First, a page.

Harris: Improving women’s economic status benefits society


US Vice President Kamala Harris said on Monday that lifting women’s economic status benefits society.

Harris met Filipina women as part of his visit to the Philippines.

In a town hall meeting with women leaders, youth and civil society organizations, Harris stressed the importance of access to capital, equal access to financial literacy and all opportunities essential to give women “a good idea, a vision and a plan” to thrive.

“You elevate a woman’s economic status, her family will be uplifted, the community will be uplifted, the whole society will benefit,” she said.

The meeting came as the United States announced its intention to invest in Filipino women entrepreneurs.

According to a White House fact sheet dated Nov. 21, the U.S. International Development Finance Corporation will provide a $15.5 million loan guarantee through a framework agreement with Citibank to support the Foundation. ASA Philippines, a microfinance institution helping women entrepreneurs access capital and contribute to economic growth in the Philippines.

During the town hall meeting, Harris also emphasized the importance of leaders continuing to support and promote women’s political and civic participation.

“[P]The art of what you have to remember is that there are people who came before you and gave you a path,” she said.

“It’s basically a relay race. And so people who are heroes, regardless of gender, ran their part of the race and then they passed on. And the question is, what are we going to do with the time we wear it,” she added.

Quoting American author and activist Coretta Scott King, Harris said the fight for justice, human rights, equality and equity must be fought and won in every generation, because the gains that come with it would not be permanent unless the public were vigilant in maintaining them.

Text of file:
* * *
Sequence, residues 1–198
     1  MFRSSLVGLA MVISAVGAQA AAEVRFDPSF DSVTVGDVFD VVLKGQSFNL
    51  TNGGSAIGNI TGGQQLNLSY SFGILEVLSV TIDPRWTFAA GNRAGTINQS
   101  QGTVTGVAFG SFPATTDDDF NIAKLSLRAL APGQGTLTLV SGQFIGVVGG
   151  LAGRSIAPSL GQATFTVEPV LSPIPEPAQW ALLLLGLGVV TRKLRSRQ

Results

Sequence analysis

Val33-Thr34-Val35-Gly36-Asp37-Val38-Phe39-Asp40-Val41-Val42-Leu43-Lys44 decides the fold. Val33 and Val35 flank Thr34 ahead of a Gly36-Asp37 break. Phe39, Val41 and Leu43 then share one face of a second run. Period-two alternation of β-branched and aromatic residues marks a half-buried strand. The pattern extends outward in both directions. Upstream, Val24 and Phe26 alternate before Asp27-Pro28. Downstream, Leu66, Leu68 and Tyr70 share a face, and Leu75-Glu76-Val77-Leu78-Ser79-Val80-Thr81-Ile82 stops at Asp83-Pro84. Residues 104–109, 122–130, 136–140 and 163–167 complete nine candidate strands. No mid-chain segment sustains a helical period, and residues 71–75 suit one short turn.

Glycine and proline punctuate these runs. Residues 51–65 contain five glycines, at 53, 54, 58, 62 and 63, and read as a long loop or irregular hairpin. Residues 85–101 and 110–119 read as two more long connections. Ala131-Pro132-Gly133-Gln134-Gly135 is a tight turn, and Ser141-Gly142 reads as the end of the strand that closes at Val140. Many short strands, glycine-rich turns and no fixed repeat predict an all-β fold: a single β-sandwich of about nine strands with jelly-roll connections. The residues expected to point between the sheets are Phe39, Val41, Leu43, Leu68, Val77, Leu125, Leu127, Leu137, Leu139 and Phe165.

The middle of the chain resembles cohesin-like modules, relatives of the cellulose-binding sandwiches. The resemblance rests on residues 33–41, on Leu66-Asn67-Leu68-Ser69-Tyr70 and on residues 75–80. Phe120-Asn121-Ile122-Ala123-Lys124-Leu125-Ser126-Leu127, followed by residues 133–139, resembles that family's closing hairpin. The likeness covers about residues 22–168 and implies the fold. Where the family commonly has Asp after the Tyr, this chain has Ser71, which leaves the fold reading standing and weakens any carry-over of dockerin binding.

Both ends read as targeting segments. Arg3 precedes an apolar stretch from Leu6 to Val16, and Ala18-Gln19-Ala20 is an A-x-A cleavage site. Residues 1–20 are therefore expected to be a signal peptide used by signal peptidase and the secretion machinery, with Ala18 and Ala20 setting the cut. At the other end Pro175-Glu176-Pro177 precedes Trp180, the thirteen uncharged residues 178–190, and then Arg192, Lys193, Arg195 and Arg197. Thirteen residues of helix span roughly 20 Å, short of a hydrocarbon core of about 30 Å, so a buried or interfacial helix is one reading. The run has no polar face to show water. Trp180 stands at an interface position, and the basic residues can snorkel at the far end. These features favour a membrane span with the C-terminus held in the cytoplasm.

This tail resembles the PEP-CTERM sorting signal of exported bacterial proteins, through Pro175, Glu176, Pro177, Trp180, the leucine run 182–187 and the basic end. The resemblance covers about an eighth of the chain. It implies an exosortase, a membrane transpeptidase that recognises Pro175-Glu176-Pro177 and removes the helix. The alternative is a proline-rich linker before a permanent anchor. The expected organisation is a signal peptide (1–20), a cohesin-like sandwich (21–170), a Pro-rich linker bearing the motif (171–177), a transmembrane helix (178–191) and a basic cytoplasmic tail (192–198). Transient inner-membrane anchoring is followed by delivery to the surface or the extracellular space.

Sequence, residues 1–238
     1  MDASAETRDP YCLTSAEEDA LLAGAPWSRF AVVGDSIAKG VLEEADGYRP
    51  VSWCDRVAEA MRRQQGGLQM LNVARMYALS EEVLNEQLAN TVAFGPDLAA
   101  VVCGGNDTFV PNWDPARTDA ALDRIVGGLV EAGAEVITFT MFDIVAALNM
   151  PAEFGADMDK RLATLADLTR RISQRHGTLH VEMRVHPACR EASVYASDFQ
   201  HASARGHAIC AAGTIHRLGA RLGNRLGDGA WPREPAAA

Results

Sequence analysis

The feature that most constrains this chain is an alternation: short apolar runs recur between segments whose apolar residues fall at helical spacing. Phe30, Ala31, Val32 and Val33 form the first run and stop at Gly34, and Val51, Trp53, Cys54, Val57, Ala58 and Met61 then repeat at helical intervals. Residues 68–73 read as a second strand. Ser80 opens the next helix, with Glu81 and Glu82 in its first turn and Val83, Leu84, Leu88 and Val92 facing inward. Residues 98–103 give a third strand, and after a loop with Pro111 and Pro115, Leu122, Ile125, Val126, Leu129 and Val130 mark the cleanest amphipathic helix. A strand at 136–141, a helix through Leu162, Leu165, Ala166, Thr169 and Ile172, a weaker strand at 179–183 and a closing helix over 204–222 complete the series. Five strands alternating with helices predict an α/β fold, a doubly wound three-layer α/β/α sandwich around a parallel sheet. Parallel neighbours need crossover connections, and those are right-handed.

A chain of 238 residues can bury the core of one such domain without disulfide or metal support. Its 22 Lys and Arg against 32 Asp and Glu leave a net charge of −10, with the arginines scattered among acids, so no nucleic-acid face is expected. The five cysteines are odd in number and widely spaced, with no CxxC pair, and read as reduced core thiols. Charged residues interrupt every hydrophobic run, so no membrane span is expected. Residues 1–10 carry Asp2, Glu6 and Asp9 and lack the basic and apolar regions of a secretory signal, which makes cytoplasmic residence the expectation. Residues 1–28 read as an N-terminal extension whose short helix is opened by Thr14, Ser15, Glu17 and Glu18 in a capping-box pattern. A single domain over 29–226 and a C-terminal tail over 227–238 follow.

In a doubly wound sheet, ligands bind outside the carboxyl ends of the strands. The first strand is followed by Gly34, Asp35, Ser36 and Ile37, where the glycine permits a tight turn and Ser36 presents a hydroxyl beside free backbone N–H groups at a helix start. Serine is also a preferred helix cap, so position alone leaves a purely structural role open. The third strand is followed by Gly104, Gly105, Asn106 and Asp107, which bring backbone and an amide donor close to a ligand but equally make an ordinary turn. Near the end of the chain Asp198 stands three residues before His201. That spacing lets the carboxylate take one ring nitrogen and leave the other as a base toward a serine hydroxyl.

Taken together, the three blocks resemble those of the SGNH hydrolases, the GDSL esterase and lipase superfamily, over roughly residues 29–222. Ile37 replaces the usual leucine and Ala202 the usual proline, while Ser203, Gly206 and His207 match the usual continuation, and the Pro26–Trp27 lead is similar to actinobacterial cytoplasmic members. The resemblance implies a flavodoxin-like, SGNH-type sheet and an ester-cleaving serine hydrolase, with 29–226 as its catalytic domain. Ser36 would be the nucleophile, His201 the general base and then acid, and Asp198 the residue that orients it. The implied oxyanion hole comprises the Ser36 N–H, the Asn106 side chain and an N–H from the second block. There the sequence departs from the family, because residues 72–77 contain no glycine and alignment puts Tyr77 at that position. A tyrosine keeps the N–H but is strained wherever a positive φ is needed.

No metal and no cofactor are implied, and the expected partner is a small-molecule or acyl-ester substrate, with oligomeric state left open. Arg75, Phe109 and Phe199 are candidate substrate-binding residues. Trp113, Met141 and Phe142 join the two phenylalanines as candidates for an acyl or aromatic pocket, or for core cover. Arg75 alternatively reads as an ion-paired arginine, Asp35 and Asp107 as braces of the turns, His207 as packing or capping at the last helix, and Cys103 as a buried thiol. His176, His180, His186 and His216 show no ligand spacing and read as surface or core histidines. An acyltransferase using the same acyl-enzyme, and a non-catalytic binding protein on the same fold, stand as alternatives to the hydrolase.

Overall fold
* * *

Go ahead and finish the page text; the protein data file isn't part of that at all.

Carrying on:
Maica Teves, director of SPARK Philippines, agreed that women’s political participation should be further encouraged.

With years spent promoting women’s empowerment and inclusion, Teves said women have to work harder than their male counterparts in the Philippines.

“Without naming names, for example, there is a woman mayor who does certain programs, and that has been institutionalized. And what happens is that nobody really talks about it. But four weeks later, I saw her male counterpart do it on a lower scale, but he’s trending on Twitter. It hurts me when I see that women don’t get the same recognition,” she said in an interview.

Also in Manila, Mayor Honey Lacuna said men have held the “highest position” in public office for the longest time.

“(Vice President Harris) said that shouldn’t stop you and it was proven in Manila because I was so lucky and was elected the first female mayor in 451 years of the city of Manila “, she said. (NAP)


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